Sessions

#Materials Matter | Farrell Calabrese, IDSA

As the world continues to rapidly innovate, the way we interact with products is changing. Keeping the end-user at the heart of your design is increasingly important—as are the materials you use. Please join the Eastman Innovation Lab’s Farrell Calabrese, IDSA, to explore how materials can inspire new possibilities, helping you create designs that are as impactful as they are beneficial to the world around you.

Design: Do, Lead, Do, Lead | Thomas Lockwood, PhD, IDSA

Most industrial designers focus on mastering the art and science of design doing. That's great, but it's just the tip of the iceberg.

Empathy: Staring in to See Out | Greg Aper

We constantly hear about empathy and how important it is for designers.  But what is empathy, exactly?  How do we cultivate it?  Why is it so important to our future as creative problem solvers? Join Greg Aper, IDSA, as he defines, demystifies and deconstructs empathy on a guided, whimsical tour of this emotional ability. Aper will set aside design clichés and buzzwords in an attempt to explain why empathy is the most critical skill to the future of design. This is not design thinking. This is how to design thinking.

How to Find the Humanity in an Inanimate Object | Doug Wilson

Doug Wilson will share the failures and successes he encountered in making "Linotype: The Film."

“People kept describing it as ‘The Eighth Wonder of the World’ and ‘A Machine that Changed the Human Race,’” says Wilson, “but I could barely figure out how the damn thing worked.”

By examining the linotype and meeting people who were passionate about this long-forgotten piece of technology, not only did he learn how to make a film, he learned how to tell a story and how to be a human.

No Excuses | Kyle Maynard

There are no worthy excuses. No matter how challenging your difficulties may seem, everyone has the ability to overcome. Kyle Maynard will show us how.

Maynard was born with a condition known as congenital amputation that left him with arms that end at the elbows and legs that end near his knees. He will chronicle his life experiences and relate his emotions to the audience. His accomplishments as an athlete speak for themselves, but Maynard believes it’s a part of his mission to show others they’re capable of achieving greatness in their lives as well.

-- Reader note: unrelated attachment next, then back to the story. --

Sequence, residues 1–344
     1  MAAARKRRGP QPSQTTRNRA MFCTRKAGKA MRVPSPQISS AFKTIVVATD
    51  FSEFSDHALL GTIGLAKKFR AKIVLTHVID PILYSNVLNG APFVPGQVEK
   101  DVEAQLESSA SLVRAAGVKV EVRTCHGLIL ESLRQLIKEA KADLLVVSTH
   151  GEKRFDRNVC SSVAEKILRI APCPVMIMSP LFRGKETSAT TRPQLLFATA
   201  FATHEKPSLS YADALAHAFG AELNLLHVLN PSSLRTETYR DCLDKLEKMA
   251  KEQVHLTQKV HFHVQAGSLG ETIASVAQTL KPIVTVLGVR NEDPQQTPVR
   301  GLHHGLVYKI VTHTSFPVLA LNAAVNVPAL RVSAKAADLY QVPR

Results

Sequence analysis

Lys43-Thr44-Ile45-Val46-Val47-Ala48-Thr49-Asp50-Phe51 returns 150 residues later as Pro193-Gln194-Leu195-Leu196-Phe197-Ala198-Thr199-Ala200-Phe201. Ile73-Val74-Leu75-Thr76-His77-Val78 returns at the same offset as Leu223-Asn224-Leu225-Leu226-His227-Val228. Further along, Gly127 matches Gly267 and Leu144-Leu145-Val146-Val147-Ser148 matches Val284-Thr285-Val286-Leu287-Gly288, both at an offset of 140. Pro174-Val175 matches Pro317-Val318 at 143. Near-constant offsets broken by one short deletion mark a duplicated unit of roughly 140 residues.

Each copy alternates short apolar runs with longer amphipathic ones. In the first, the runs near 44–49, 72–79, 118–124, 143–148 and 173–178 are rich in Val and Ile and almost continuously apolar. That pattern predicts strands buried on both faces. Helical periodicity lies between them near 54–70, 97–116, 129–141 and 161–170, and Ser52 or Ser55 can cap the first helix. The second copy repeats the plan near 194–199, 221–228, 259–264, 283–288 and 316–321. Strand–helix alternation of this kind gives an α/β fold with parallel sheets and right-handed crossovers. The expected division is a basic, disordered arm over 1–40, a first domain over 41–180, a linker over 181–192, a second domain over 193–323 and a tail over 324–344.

Mixing humor and hard truths, Maynard understands what it takes to teach perseverance, even when you’re hit with setbacks. We all have things in life we wish we’d do something about, instead of continuing to hesitate. Maynard’s words will inspire us to act!

Power to the People: Empowering Humans Through Design Thinking | Damien Vizcarra

Design and innovation once focused on creating and communicating differentiation. While design still plays a role in product positioning, today, it also seeks to make users smarter and stronger.

Damien Vizcarra believes designers have the opportunity, and perhaps the responsibility, to use the power of design thinking for good. He’ll cover democratization (what are the political implications of universal access to 3D printing and video editing; how else might we empower the masses in the future); collaboration (the ethics of design thinking); and socialization (could democratizing design thinking change the structure of society).

Sketch On! A Workshop | Jeff Smith, IDSA

Sketching is a visual language, capturing ideas on paper, and these days, on a screen. There is a foundation and there are rules to this visual language. Come sketch with Jeff Smith, IDSA, education manager for Autodesk, in a hands-on workshop. He will lead participants through a series of drills followed by the “how” and “why.” Smith has a simple theory—practicing with the right skills, everyone can improve!